Does Hawai‘i need more affordable housing? With average single family home sale prices well over one million and limited inventory, the answer to this question would be a resounding ‘yes’ by almost anyone, including those thousands of people who are homeless.

However, if Hawai‘i residents were asked if the affordable housing should be built in their neighborhood, the answers might vary – with strong opposition by many. This is the essence of the “Not In My Back Yard” or NIMBY movement.

Whenever a new development, home, or even addition to a home is planned, there are often individuals nearby who oppose the construction. However, to reduce homelessness and promote affordability, it is without question that Hawai‘i needs at least tens of thousands of affordable homes – or more – to be developed that can house people who are making average Hawai‘i wages.

What is NIMBY?

NIMBY protesters vary in their size, goals, influence, and objectives. Some oppose housing development while others oppose prisons or health centers being built in a neighborhood. But the basic definition of ‘NIMBY’ is people who resist developmental changes in their neighborhood.

Arguments from those who oppose housing development in their communities typically include concerns about increased traffic, negative impacts on the environment and decreases in property values due to affordable housing being built.

“NIMBYism is a very significant problem. If everybody says okay, I recognize we need affordable housing, but just not here. Well, then where?” says Honolulu Department of Community Services Director Anton Krucky.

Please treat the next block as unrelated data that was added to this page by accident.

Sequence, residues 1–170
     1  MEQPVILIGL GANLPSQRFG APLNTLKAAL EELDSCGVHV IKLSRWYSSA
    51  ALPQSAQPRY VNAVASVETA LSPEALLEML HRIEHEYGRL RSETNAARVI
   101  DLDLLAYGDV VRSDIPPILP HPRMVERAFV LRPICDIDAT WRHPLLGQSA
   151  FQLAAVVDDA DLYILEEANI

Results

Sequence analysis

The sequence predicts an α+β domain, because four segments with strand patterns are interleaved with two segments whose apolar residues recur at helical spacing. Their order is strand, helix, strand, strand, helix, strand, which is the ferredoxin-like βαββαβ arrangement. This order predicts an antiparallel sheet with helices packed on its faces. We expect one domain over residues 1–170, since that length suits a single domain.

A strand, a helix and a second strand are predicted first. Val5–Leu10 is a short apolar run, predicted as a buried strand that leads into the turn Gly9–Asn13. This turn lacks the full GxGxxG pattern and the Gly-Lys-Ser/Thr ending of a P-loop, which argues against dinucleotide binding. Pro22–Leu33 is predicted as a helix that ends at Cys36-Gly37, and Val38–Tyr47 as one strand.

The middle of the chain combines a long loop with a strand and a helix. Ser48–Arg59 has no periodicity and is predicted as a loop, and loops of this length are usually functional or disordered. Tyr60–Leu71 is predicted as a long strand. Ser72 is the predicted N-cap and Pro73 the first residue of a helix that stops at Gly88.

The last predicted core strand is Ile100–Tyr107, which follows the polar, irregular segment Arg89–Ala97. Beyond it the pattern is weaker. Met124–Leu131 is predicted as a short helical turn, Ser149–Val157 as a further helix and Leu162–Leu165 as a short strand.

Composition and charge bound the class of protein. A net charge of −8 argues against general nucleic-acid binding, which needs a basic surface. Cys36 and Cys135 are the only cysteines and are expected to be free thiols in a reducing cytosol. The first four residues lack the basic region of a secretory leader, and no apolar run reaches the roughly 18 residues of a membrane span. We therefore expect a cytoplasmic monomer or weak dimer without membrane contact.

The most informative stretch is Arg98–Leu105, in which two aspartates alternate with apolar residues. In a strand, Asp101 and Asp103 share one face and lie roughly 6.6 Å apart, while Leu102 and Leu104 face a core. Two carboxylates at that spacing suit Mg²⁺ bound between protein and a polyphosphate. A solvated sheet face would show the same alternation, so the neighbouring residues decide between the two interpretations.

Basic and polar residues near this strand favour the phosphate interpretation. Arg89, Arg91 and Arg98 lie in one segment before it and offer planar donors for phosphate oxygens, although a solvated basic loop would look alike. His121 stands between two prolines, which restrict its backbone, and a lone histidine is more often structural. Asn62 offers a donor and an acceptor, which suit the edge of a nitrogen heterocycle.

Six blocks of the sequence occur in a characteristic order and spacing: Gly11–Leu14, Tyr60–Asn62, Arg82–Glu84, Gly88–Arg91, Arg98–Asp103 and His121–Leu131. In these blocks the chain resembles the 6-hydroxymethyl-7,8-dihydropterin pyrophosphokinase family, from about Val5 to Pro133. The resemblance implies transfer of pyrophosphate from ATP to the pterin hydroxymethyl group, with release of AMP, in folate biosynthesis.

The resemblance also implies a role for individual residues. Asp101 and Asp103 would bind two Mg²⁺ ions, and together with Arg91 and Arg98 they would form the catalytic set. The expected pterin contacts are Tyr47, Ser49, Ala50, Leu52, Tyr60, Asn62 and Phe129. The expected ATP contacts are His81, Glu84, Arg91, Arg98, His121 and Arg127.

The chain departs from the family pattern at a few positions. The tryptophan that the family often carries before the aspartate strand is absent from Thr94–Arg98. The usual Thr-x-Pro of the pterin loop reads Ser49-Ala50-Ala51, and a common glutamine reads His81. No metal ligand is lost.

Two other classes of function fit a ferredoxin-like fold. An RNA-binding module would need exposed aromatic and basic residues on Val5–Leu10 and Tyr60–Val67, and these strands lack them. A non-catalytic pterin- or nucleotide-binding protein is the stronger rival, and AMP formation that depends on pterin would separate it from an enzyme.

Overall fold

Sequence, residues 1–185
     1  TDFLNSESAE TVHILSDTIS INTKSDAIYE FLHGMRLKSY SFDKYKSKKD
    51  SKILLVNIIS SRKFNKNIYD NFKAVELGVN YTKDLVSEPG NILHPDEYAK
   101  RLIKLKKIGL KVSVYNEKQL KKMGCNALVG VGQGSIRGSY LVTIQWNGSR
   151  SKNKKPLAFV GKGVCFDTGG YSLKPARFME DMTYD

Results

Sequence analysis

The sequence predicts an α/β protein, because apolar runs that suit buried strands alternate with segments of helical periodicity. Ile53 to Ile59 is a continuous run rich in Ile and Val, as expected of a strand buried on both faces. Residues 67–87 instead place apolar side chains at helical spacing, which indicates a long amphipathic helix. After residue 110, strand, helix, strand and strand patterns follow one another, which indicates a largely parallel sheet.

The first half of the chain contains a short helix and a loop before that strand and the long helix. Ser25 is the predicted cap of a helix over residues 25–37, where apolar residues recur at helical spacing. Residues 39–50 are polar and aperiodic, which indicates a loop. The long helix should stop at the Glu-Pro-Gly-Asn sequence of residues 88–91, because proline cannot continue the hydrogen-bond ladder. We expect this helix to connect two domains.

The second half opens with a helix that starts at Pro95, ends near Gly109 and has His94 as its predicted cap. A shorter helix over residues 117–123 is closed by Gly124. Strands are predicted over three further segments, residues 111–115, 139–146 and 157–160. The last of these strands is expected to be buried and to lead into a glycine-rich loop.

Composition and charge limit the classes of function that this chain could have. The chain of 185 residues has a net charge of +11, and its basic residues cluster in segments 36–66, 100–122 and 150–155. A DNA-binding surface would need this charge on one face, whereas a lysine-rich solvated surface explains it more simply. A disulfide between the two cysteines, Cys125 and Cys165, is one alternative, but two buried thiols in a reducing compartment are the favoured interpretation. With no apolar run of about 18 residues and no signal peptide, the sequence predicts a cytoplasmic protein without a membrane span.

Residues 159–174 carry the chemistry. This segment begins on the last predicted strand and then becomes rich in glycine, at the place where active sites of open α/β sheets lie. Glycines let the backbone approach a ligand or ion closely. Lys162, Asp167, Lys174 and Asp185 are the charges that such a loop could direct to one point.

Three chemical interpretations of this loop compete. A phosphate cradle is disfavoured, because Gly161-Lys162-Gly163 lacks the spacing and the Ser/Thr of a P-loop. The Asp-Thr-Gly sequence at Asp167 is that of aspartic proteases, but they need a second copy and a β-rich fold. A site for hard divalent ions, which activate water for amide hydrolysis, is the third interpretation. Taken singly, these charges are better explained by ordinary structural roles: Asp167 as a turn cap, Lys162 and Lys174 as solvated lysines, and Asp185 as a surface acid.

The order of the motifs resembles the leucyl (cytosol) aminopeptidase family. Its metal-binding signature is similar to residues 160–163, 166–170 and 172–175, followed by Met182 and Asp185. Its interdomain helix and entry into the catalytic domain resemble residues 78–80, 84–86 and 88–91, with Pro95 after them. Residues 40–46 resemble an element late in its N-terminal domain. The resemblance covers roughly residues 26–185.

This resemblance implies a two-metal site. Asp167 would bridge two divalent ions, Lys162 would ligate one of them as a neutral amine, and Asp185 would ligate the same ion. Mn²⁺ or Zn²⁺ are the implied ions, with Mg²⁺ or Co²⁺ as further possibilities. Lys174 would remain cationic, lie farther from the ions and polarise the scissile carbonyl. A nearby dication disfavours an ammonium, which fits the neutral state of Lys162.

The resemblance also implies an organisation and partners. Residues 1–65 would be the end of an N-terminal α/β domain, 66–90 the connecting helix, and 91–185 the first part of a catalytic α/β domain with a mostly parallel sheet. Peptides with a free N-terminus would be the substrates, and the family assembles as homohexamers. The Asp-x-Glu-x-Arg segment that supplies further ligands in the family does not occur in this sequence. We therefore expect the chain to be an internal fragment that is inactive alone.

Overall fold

The History of NIMBY

According to New York University historian Kim Phillips-Fein, author of Fear City, the origin of NIMBY began in the 1970s and 1980s in New York City. At that time, NIMBYism was typically directed at environmental justice. It then shifted to object jails, shelters and drug clinics in working class neighborhoods, such as a jail in Manhattan known as The Tombs today.

“That was a time when many communities had only recently actually lost city facilities that they wanted to have, like firehouses [and] police stations, and there was a great anxiety about rising poverty in the city,” Pillips-Fein says on WNYC News.

Over time, NIMBY protests have evolved, impacting the gentrification of neighborhoods and home-ownership which has been the case in Hawai‘i.

NIMBY in Hawai‘i

With Hawai‘i home prices always rising, more and more ideas for affordable housing have aroused – that have led to more examples of NIMBY.

Take Māʻili on the Waiʻanae coast of Oʻahu. A $23 million affordable housing project began in October 2019, which included 51 rental units for around 200 people, a resource center and a park on two acres of land. The development is called Hale Makana O Maili.

A lawsuit ensued with neighbors who called themselves ‘Na Kiai O Maili’ or ‘protectors of Maili.’ The neighbors claimed they were not informed of the project and that the neighborhood infrastructure in the rural community was not sufficient. They asked the judge to stop the development despite the developer claiming approval from the City Council and two neighborhood boards before beginning construction.

However, the NIMBY protestors were not successful, and the affordable rental housing project is in its final stages, with all units occupied by individuals and families who make less than 60% of the area median income – a win for affordable housing in Hawai‘i.